Essential Astrology

by Amy Herring
Paper – 382 pp. 
Price: $24.99 US/$28.95 CDN.
 
Good astrology books for beginners have gotten to be hard to find. And just when you think you’ve found one that will work for your students, it invariably goes out of print indefinitely and the search begins again. So, I was delighted to find this new offering from Amy Herring. The author is a seasoned astrologer who approaches astrology from a psychological perspective that emphasizes the potential for evolution inherent in the chart. She has definitely been influenced by the tenets of evolutionary astrology, but at the same time, she is not pushing any one system of astrology. She sees the chart as a tool you can use to help you build the life you want. She also sees astrology as a symbolic language and shows you how to make sense of those symbols — without resorting to cookbook interpretations, I might add. Why? Because she feels they are limiting.
The writing style is clear and simple, though the content is pretty profound. The book begins and the beginning and progresses in orderly fashion. The book opens with a short history of astrology, the astronomy behind the astrology, and a guided tour of the major components of the chart. Section Two discusses what planets, signs, and houses mean. One major goal in this section seems to be moving beyond those aforementioned cookbook stereotypes. So, for the planets for example, she includes a thorough discussion of each, including both common themes and what happens when they are misdirected. She also clarifies commonly used keywords and differentiates between the nuances in interpretation of keywords that are used for more than one planet — for example individuality as it applies to the Sun and individuality as it applies to Uranus. There are a couple of specific examples of how each placement operates — for example, the Moon in Libra in the fourth house contrasted with the Moon in Aries in the third house. I see some beginners being frustrated when their placement isn’t covered, but the point of these exercises is to make you think. Last but not least, there are questions to ask yourself in regard to each placement. So for Mercury, you are asked what topics draw your attention most easily, what style of learning works best for you, how you express your ideas, and so on. And as you journey through the chart, you learn…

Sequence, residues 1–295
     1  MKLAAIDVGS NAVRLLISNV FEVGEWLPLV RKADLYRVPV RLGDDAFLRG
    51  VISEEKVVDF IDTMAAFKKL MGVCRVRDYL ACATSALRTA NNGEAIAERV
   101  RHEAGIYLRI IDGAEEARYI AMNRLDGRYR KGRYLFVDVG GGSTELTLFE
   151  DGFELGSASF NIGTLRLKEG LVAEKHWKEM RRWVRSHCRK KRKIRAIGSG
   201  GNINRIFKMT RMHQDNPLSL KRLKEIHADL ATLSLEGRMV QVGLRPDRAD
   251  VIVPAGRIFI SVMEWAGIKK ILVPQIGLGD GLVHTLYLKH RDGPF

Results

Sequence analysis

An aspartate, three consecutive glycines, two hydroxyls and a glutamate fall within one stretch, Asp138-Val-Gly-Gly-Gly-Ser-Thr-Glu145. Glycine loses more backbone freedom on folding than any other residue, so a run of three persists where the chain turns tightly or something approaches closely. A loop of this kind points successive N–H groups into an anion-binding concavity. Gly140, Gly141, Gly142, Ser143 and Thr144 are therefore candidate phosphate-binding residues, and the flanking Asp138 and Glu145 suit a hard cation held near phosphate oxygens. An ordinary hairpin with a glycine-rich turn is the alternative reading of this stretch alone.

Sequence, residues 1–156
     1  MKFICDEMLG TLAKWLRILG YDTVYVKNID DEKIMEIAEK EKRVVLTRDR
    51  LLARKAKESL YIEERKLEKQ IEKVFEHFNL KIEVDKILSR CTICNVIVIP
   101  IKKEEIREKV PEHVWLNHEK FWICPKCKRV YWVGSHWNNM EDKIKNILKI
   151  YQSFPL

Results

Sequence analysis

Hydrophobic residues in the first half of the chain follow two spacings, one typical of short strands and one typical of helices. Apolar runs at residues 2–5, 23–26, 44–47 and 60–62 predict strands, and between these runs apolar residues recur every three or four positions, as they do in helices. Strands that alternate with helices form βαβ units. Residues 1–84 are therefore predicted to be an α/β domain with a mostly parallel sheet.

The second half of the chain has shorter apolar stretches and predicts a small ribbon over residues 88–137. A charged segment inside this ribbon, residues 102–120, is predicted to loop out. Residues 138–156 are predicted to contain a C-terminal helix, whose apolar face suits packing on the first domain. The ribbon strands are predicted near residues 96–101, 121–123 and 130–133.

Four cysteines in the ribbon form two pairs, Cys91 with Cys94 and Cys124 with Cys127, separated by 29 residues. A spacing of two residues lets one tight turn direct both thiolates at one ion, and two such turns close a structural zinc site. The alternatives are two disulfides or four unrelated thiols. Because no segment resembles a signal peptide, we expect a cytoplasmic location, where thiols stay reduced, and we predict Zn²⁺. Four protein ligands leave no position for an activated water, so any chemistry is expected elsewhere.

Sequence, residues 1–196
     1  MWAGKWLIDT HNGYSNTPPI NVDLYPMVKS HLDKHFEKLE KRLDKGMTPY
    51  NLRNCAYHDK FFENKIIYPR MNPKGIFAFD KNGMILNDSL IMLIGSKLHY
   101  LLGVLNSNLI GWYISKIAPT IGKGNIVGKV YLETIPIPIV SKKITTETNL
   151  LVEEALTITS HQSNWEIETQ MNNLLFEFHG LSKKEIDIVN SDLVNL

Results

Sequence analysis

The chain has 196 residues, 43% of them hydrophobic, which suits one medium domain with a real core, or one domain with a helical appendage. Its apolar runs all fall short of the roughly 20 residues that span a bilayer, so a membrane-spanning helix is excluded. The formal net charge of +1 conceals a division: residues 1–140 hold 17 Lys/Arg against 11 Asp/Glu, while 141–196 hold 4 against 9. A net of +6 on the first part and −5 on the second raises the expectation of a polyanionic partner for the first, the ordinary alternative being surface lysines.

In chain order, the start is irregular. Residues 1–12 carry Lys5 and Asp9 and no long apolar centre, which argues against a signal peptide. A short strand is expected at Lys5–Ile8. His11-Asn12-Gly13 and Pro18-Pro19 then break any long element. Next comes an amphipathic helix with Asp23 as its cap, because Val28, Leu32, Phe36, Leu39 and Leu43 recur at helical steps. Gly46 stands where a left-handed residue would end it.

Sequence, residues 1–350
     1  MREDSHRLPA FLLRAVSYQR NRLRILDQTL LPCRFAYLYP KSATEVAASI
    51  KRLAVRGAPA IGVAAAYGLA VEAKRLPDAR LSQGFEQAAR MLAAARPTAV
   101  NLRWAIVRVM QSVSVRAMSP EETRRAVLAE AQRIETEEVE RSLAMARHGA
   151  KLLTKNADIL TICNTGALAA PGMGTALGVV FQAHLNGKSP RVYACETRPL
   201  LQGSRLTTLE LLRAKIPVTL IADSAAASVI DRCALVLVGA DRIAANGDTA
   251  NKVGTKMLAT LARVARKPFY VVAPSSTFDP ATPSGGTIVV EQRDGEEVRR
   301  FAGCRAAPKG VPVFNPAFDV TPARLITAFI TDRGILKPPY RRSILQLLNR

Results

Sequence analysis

There’s a section on the basics of chart interpretation with a decent chapter on aspects and a lot of tips and tricks for synthesizing— including some tips on resolving contradictions. One in-depth case study — Steve Martin’s chart — is used. It is presented in tropical Porphyry.
The book is rounded out with an excellent glossary and a good list of recommended reading and resources, including web resources.
As a book for the solitary student studying alone, this may not be the best — especially if the student is brand new. For new students at the beginner or advanced beginner level studying with a teacher, this is an excellent textbook or supplement that I suspect both teachers and students will enjoy using and gain from. Give it a look!

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